On a warm night last August, sipping champagne and strolling past the rear of le chapiteau, the huge marquee that hosts the headlining concerts of the Marciac Jazz Festival, I heard a trumpet playing scales. Turning a corner, I saw the distinctive silhouette of Wynton Marsalis, backlit behind the tent wall. It was a moment of potent theatricality – canopy of stars above, dark fields of sunflowers all around, the iconic image of a man and his horn before me – which, more than any other, captured the magical atmosphere of this renowned festival, now in its fourth decade of presenting jazz from all over the world in an enchanting setting in the south of France.
Marsalis has become almost synonymous with Marciac. He has appeared at the festival every summer since 1991, teaches master classes in the local school, and has written and recorded The Marciac Suite, a thirteen-part tribute to this sleepy French village, which transforms into a maelstrom of activity for two weeks every summer, when over 100,000 people attend the festival. His image is ubiquitous, from paintings in the art galleries to photographs in the press room to a life-sized bronze statue outside the fifteenth-century Augustinian cloister that houses the town’s surprisingly well-appointed jazz museum. Locals speak of him as the ‘godfather’ of Marciac jazz.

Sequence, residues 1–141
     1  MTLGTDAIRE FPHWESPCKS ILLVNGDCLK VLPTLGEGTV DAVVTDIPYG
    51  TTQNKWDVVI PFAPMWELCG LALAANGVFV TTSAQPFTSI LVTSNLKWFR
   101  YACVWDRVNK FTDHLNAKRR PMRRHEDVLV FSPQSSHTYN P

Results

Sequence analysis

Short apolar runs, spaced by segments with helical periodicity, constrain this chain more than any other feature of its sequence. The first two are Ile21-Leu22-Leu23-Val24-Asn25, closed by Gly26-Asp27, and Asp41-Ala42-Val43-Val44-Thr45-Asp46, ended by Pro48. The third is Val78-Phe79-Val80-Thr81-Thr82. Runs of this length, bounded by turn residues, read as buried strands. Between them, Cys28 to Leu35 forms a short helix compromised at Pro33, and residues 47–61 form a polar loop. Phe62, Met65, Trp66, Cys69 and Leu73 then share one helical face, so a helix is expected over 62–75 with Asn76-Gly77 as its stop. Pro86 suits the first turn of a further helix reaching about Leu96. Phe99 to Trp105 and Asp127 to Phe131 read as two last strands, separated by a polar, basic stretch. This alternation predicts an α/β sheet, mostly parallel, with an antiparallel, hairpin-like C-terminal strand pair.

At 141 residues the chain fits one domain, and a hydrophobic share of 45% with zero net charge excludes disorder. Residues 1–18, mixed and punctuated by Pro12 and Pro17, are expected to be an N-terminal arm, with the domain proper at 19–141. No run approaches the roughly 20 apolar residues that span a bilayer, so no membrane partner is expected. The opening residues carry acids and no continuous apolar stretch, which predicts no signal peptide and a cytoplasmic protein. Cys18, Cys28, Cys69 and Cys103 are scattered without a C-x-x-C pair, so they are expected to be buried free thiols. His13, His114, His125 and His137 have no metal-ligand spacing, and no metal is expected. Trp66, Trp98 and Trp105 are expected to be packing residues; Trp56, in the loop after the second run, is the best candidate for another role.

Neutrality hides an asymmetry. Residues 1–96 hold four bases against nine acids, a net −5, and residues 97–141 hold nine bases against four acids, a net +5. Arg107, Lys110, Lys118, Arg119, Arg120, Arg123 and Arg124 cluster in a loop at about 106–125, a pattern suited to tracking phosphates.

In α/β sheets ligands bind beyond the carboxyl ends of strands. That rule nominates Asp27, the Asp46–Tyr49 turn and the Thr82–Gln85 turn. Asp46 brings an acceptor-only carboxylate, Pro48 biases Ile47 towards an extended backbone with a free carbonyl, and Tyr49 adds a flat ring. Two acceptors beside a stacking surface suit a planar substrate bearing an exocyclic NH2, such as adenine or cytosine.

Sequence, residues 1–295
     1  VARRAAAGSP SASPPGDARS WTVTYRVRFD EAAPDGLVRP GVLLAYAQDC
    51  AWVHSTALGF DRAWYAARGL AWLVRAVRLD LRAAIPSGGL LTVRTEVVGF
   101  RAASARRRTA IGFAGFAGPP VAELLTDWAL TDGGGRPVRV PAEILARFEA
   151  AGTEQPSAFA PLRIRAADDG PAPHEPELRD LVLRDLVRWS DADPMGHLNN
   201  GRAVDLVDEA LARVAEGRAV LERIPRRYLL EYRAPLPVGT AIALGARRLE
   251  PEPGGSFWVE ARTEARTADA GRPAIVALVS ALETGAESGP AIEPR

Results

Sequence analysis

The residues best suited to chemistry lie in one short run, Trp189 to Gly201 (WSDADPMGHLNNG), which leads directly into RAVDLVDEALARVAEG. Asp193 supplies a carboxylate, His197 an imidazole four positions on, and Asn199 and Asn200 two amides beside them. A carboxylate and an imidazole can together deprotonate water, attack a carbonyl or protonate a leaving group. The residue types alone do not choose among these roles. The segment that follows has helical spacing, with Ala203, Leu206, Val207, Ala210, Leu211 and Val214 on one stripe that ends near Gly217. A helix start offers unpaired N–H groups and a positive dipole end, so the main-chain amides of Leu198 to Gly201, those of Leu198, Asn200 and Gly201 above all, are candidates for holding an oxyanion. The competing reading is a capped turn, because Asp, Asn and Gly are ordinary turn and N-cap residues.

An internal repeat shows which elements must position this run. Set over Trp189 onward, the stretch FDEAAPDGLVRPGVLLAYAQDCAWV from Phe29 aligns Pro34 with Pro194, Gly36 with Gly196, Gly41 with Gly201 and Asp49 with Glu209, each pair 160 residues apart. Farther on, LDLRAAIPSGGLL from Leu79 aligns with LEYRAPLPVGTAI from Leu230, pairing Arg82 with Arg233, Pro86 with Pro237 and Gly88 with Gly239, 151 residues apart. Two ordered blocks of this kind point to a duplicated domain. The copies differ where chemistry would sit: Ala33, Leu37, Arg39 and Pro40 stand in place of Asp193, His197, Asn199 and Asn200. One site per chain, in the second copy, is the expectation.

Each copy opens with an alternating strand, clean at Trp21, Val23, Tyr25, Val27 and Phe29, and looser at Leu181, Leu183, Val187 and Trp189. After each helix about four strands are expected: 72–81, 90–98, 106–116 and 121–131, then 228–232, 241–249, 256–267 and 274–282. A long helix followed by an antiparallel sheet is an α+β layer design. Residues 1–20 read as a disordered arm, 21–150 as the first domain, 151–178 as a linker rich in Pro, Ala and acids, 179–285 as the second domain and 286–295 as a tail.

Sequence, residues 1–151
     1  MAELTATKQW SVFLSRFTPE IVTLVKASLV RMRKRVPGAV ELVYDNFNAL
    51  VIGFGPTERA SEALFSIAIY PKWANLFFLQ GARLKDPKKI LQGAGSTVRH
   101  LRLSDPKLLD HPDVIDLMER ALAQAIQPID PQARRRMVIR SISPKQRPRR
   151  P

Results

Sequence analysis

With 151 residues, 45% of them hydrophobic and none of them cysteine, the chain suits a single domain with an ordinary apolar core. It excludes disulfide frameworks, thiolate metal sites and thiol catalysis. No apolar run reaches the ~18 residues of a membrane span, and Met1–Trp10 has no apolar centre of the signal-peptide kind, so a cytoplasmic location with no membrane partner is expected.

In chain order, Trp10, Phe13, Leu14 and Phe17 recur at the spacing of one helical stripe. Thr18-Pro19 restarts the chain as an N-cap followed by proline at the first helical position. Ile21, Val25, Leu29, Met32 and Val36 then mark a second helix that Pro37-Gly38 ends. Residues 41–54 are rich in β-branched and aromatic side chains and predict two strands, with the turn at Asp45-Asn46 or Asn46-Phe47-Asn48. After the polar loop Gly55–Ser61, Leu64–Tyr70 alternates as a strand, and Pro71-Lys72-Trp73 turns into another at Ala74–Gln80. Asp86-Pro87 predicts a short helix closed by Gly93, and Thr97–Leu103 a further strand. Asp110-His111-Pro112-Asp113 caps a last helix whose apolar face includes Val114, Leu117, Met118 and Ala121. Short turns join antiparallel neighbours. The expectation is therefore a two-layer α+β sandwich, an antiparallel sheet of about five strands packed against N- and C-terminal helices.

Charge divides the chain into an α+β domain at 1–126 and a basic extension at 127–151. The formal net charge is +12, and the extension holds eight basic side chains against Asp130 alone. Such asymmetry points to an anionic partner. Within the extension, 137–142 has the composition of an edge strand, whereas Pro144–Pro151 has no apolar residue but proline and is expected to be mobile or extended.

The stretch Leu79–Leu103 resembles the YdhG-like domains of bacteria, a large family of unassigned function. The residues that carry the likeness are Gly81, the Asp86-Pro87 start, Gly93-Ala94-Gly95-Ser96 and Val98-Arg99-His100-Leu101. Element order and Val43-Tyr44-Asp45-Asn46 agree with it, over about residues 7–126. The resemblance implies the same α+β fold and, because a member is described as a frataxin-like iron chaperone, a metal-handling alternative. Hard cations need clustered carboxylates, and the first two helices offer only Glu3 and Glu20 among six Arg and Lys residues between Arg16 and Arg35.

A few minutes after hearing Marsalis warm up, I was inside the marquee with 5,000 others, listening to his septet as they performed a series of serious, traditional and virtuosic compositions, including ‘Majesty of the Blues’, ‘Spiritual Awakening’, and ‘Sunflowers’. The standard of musicianship was stellar. In particular, pianist Marcus Roberts and trombonist Wycliffe Gordon, like Marsalis himself, are masters of their instruments, technically stunning players capable of soulful, swinging improvisation rich in idea and surprise. The compositions, all originals, were complex and varied. Empathy between the musicians was what you would expect from a band that has been performing together at the highest levels for more than a decade.